Just because you eat like a caveman, doesn’t mean you have to rely on the same tools Grok used.
Here’s a rundown of some of my favorite kitchen gadgets and tools that make it easier to cook paleo / primal meals. You definitely don’t need all of these things, but you may find something in this list that helps out with your meal cooking or meal prep.
If you already cook, you probably have these items in your kitchen. But if you are new to cooking (perhaps inspired by a desire to eat healthier?), these are the basics that every well-equipped kitchen should have (paleo or otherwise).
Good Quality Knives
These are the top of my list. Seriously, if you don’t have sharp knives or the right knives for the right job, meal prep stinks. We have Cutco knives and I highly recommend them, but I know many people are fans of brands like Henkel and Wustof.
The knives I use the most in my kitchen are:
- 2 3/4″ Paring — this one is handy for small things like de-stemming and cutting up strawberries
- 4″ Paring — I use this for smaller, more delicate items, like tomatoes
- 6″ Petite Chef’s (w/serrated blade) — the serrated edge comes in handy when you are cutting something tough like winter squash. I also grab this one for my every day chopping needs
- 9″ Chef’s — great for lots of slicing and dicing of veggies
- 7″ Carving — good for cutting up a roast chicken, we also have a larger size (9″) for big things like turkeys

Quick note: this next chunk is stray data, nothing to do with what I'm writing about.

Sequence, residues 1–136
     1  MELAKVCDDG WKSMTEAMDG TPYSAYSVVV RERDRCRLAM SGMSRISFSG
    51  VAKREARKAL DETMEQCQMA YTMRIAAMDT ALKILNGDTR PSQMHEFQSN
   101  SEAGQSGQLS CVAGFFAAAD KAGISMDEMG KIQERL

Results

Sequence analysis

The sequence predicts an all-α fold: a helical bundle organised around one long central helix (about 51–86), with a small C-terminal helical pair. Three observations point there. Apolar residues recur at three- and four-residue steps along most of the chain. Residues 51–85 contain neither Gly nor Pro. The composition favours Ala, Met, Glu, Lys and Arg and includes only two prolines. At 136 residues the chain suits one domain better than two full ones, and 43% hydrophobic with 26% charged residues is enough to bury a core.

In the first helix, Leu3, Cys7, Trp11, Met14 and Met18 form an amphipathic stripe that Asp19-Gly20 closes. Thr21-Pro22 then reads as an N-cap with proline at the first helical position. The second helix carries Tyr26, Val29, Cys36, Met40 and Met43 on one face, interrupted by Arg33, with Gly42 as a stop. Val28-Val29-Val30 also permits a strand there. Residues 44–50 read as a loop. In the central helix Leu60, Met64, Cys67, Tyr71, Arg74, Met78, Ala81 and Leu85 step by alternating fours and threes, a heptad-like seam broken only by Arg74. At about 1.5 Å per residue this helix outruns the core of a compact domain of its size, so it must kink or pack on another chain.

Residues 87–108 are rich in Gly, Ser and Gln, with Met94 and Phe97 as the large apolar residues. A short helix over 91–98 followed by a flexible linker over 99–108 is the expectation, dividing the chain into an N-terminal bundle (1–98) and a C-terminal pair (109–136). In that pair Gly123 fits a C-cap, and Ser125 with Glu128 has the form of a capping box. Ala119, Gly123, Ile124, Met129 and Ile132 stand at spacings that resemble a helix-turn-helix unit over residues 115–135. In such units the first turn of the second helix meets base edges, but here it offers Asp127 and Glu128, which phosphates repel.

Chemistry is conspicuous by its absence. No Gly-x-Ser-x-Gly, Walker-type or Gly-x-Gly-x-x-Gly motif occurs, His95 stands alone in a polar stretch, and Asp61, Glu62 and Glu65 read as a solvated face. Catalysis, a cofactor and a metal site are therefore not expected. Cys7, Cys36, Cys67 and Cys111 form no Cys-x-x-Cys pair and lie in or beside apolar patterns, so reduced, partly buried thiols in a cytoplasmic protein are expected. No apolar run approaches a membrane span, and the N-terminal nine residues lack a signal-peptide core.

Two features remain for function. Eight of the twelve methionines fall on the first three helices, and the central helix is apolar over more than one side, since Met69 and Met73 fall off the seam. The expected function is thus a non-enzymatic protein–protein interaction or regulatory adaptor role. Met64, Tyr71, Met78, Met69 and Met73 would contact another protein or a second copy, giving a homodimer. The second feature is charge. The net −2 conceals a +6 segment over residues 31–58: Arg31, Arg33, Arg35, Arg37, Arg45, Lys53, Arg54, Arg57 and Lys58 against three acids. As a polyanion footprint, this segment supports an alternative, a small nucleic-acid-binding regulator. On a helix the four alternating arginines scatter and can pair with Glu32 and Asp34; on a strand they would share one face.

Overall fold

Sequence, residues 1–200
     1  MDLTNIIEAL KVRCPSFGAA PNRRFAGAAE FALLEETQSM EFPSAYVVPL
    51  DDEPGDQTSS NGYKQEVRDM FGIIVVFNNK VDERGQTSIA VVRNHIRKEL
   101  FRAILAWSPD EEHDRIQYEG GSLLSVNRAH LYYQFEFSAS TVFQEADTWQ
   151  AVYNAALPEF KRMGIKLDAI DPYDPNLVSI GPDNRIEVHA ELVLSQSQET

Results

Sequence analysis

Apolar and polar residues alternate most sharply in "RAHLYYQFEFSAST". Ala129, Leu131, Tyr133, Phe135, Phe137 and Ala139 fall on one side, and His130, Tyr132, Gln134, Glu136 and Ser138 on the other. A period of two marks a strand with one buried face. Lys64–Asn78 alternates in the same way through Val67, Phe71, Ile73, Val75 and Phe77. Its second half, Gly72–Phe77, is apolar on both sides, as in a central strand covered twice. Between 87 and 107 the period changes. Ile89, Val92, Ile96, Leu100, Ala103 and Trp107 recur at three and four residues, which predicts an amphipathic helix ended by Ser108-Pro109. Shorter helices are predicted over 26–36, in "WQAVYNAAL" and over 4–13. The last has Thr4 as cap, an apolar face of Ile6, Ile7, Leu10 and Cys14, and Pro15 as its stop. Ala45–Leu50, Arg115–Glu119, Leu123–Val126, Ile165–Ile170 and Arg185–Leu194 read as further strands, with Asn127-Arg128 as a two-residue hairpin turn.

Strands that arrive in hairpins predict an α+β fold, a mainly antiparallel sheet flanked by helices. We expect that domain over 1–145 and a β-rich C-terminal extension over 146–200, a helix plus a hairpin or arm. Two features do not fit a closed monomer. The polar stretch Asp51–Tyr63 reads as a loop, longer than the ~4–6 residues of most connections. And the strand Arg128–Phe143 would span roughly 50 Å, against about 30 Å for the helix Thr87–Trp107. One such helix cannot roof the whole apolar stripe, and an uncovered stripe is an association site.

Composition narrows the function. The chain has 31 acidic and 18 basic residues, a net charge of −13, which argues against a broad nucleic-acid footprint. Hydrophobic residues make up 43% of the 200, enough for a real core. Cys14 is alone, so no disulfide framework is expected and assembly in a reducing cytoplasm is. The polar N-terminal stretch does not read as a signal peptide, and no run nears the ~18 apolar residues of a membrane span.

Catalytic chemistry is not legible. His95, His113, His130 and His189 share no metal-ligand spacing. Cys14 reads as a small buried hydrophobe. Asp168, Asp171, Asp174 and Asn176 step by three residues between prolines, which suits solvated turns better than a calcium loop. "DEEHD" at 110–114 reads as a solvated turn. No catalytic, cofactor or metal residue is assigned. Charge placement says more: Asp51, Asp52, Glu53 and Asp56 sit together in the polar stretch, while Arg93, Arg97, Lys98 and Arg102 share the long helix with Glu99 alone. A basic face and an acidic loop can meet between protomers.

As I said, we have Cutco products at our house, but here some links to comparable Wusthof products:
I’m in love with my cast iron skillets (got mine at Costco), I also have a Carbon Steel fry pan (got it at World Market), and I have converted to using stainless steel pots. I do not recommend using non-stick/teflon type materials.
Stirrers / Spatulas / Cutting Boards / Colanders / Mixing Bowls
This is all the other basic stuff you need and there’s nothing special about any of it. Go to Bed Bath & Beyond and pick what looks good. I am fond of bamboo stirring spoons — I recommend having one angled spoon for your stir-fry needs. You may not be draining any more pasta, but a colander is great for rinsing fruit and veggies.
As far as brands go, I like Oxo and love all of the Pampered Chef items I own. Here are some links to a get you started:
These may not be essential, but will make it easier for you to eat, cook, and enjoy primal-style foods.
Blenders, Choppers, and Food Processors
You don’t need all of these, but here’s what I love about each one.
Immersion / Stick / Handheld Blender — If you have any interest in making “Paleo Mayo“, I highly recommend this tool. We also use ours to quickly blend sauces, soups, and salad dressings. This is probably my favoritest tool since going Paleo.
Vitamix Blender — I love my Vitamix (got ours at Costco), although I mostly use it just for my Paleo Protein Shake. We have both the “wet blade” container and the “dry blade” container. The latter is great for grinding nuts — use it to make your own almond meal!
Magic Bullet — this is handy for it’s various sized containers (again, got ours at Costco). While it’s not a workhorse like the Vitamix, it’s great when you just need to grind up a small amount of nuts for a recipe, or a marinade. We also use it when making not-so-paleo milk shakes.
Food Processor — we’ve had ours for years and even tho its on its last legs, we still use it for things like my favoite homemade salsa, or sweet & salty fudge balls. It’s essential if you make that paleo staple — cauliflower rice.
If ours ever bites the bullet, I have my eye on a Breville, which is very spendy but looks amazing and claims to even do sweet potato fries.
Mini-Food Processor — just the right size for banana whip ice cream.